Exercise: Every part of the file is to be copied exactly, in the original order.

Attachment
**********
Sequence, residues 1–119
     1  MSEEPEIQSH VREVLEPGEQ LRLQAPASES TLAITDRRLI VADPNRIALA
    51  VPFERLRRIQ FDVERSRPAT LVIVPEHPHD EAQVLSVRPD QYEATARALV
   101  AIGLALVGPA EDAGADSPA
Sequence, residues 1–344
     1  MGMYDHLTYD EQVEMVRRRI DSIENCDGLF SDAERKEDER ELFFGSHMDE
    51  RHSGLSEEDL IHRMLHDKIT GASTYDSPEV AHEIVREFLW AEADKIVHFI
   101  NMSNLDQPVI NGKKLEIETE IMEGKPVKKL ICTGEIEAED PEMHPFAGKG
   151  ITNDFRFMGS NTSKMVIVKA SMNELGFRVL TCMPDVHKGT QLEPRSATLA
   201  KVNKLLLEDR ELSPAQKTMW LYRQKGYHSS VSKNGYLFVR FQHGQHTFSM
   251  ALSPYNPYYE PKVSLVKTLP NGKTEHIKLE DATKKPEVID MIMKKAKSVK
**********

Sequence, residues 1–119
     1  MSEEPEIQSH VREVLEPGEQ LRLQAPASES TLAITDRRLI VADPNRIALA
    51  VPFERLRRIQ FDVERSRPAT LVIVPEHPHD EAQVLSVRPD QYEATARALV
   101  AIGLALVGPA EDAGADSPA
Sequence, residues 1–344
     1  MGMYDHLTYD EQVEMVRRRI DSIENCDGLF SDAERKEDER ELFFGSHMDE
    51  RHSGLSEEDL IHRMLHDKIT GASTYDSPEV AHEIVREFLW AEADKIVHFI
   101  NMSNLDQPVI NGKKLEIETE IMEGKPVKKL ICTGEIEAED PEMHPFAGKG
   151  ITNDFRFMGS NTSKMVIVKA SMNELGFRVL TCMPDVHKGT QLEPRSATLA
   201  KVNKLLLEDR ELSPAQKTMW LYRQKGYHSS VSKNGYLFVR FQHGQHTFSM
   251  ALSPYNPYYE PKVSLVKTLP NGKTEHIKLE DATKKPEVID MIMKKAKSVK